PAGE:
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Islands are not only in the ocean.

The basic premise of an island, an isolated bit of land surrounded on all sides by an inhospitable substrate, occurs not only in the ocean—but in the sky too. "Sky islands" are the tops of tall mountains that become environmentally isolated from each other even if they are close together, geographically speaking.

The Western Ghats are a mountain chain in southwest India home to spectacular and unique sky islands. But despite being a hotspot of high biodiversity, relatively little is known about them scientifically.

This mystery has inspired India-based Prasenjeet Yadav, a science photographer and National Geographic explorer, to document the unique biodiversity and highlight the conservation issues through photography.

The peaks of the Western Ghats, ranging between 3,000 and 8,500 feet above sea level, host an almost unbelievable array of microclimates, looking like “patches of forests floating in a sea of grasslands,” says Yadav. The diversity of environments leads to a vast number of endemic species that live nowhere else in the world.

Treasure Islands

“It’s not just elevation that makes these sky islands, it’s the environment,” says Yadav, noting there is no “official” designation of altitude that makes a mountaintop able to be called a sky island. (See a meowing night frog from the Western Ghats.)

“As soon as you come out of the cold, wet montane environment, only 100 meters down, it is completely dry.”

One of the specific habitats unique to the sky islands of this area is a type of low-temperature, high-humidity tropical cloud forest full of stunted trees mixed with grasslands called the Shola.

From tiny frogs to brightly colored snakes to delicate birds, these sky islands are teeming with life. Still, since the areas are underexplored, researchers are finding some hidden surprises when they look closely at specific species of animals—especially birds. (Read about a tree-climbing crab in the Western Ghats.)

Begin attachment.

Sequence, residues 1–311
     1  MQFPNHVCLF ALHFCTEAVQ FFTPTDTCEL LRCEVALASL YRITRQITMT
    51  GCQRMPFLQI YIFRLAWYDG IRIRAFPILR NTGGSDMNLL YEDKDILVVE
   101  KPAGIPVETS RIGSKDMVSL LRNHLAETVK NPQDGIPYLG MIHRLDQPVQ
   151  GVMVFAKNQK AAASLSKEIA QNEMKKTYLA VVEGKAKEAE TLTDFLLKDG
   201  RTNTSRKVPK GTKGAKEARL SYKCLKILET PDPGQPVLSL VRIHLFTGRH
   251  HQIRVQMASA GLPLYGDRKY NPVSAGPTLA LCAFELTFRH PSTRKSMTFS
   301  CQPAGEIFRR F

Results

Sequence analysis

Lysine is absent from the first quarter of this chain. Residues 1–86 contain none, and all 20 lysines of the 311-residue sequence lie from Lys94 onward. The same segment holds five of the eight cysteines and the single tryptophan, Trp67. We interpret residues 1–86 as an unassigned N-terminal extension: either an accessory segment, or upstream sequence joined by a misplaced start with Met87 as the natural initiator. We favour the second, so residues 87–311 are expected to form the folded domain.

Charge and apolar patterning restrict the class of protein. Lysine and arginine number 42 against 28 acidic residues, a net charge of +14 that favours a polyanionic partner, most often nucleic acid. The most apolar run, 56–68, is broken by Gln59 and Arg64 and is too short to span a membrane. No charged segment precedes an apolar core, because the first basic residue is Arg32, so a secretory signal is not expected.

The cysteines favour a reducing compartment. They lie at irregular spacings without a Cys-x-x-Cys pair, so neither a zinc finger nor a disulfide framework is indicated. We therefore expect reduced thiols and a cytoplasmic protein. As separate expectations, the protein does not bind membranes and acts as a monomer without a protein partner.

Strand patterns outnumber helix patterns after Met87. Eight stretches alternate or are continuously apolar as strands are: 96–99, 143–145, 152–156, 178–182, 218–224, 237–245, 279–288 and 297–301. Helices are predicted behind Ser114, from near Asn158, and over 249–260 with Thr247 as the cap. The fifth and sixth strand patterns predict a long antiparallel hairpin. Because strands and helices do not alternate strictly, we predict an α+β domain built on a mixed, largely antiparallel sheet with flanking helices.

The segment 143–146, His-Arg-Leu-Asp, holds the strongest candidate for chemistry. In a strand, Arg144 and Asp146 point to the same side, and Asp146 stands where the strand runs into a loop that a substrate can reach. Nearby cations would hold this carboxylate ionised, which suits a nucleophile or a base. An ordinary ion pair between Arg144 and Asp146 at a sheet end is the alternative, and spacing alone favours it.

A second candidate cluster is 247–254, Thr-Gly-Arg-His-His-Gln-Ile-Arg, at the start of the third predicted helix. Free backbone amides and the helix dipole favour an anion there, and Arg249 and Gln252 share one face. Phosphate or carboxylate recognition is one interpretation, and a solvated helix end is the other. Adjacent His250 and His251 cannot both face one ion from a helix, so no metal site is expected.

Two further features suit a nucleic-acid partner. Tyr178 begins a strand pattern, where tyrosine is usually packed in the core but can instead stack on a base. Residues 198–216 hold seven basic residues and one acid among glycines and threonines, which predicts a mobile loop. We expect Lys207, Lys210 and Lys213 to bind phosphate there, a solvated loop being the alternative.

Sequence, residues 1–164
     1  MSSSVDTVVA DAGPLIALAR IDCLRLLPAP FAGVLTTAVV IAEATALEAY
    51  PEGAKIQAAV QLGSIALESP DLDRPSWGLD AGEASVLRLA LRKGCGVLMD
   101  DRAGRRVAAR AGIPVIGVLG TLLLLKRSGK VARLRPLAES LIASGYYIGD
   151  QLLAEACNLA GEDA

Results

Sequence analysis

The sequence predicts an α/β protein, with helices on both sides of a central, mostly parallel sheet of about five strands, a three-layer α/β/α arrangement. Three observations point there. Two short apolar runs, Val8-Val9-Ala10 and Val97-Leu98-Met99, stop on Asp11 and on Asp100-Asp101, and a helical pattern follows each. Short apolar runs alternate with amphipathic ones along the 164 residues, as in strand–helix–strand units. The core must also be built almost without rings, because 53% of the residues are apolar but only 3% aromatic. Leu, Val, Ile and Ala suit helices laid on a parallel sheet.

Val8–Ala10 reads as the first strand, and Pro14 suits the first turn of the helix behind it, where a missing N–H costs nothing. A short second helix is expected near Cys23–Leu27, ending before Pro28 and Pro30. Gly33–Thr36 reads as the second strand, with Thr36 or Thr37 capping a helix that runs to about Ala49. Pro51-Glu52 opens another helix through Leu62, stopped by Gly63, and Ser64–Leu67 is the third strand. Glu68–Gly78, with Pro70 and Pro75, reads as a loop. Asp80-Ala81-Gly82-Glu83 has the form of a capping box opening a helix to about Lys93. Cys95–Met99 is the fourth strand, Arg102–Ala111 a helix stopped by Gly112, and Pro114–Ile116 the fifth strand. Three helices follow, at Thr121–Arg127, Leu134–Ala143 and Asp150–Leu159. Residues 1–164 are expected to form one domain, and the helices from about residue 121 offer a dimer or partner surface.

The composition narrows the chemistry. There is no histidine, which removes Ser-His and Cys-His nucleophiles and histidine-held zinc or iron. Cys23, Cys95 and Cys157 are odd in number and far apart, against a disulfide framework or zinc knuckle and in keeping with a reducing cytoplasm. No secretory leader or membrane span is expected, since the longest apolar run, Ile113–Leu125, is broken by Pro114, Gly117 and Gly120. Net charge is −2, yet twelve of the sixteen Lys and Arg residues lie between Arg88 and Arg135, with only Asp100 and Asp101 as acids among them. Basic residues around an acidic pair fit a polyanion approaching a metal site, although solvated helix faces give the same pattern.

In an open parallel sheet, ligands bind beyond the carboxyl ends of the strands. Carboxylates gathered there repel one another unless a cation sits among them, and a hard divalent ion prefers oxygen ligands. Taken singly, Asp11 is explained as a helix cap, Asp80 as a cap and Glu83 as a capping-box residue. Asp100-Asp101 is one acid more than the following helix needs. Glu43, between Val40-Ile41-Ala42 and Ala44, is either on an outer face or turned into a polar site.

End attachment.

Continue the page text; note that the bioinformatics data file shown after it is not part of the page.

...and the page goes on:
It was previously thought the populations of the Western Ghats shortwing, which are restricted to Shola environments, were all one species, separated between mountaintops. Upon a visual inspection of plumage, though, it becomes clear something is different than expected.

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Decades-old specimens of all three species of the Sholicola genus, one from Trivandrum Museum and two from Bombay Natural History museum in Maharashtra.


It is not just feather color that differs, with some clearly bluer and others more orange, but each mountaintop population has a different song style and genetic fingerprint. Speciation is happening through separation not just on oceanic islands, but these sky islands, too.

This research led by V.V. Robin at the Indian Institute of Science Education and Research showed that what was previously thought to be one species of shortwing is really three, each unique to its own mountaintop.

A parallel finding was discovered with birds called laughingthrushes—and it is likely other singular species of mammals, birds, and reptiles in the region will be divided into many more.

"New species continue to be discovered in these mountains, with over a dozen frog species, about three plant species and two new bird genera, and one bird species described just in 2017," says Robin. (Read about seven new M&M-sized frog species found in the Western Ghats.)

Preserve and Protect

The legacy of this separation between populations of one species that over time became multiple is due to a glaciation event around four million years ago. Aridity caused by glaciation drove species, including shortwings and laughingthrushes, higher up the mountains for suitable habitat.

"Understanding the evolutionary past of these sky islands also helps us to better prioritize areas that we should conserve for the future," says Uma Ramakrishnan, a molecular ecologist at the National Centre for Biological Sciences in Bangalore who was involved in the bird speciation research.

When the glaciers receded and the climate changed, the animals and plants all stayed confined to their preferred locations—confined to separate sky islands. Examining the differences in the color, shape, and genetics of these populations now shows these millions of years apart transformed them into new species. “You can see evolution in action,” says Yadav. (Read about the world's irreplaceable places, including the Western Ghats.)

Like many places on Earth, human encroachment on this biodiversity hotspot is greatly reducing the extent of these unique habitats. At least 50 percent of Shola habitat has already been lost in the Western Ghats. People are planting crops in this region, such as tea, to keep up with increasing demand.

Yadav is passionate about preserving the environment of the Western Ghats and sky islands. Looking at the nighttime photo of shining city lights in the valleys between the peaks, he notes that these rare species are in danger from both humans and climate change.

“These islands are also floating in the sea of urbanization.”


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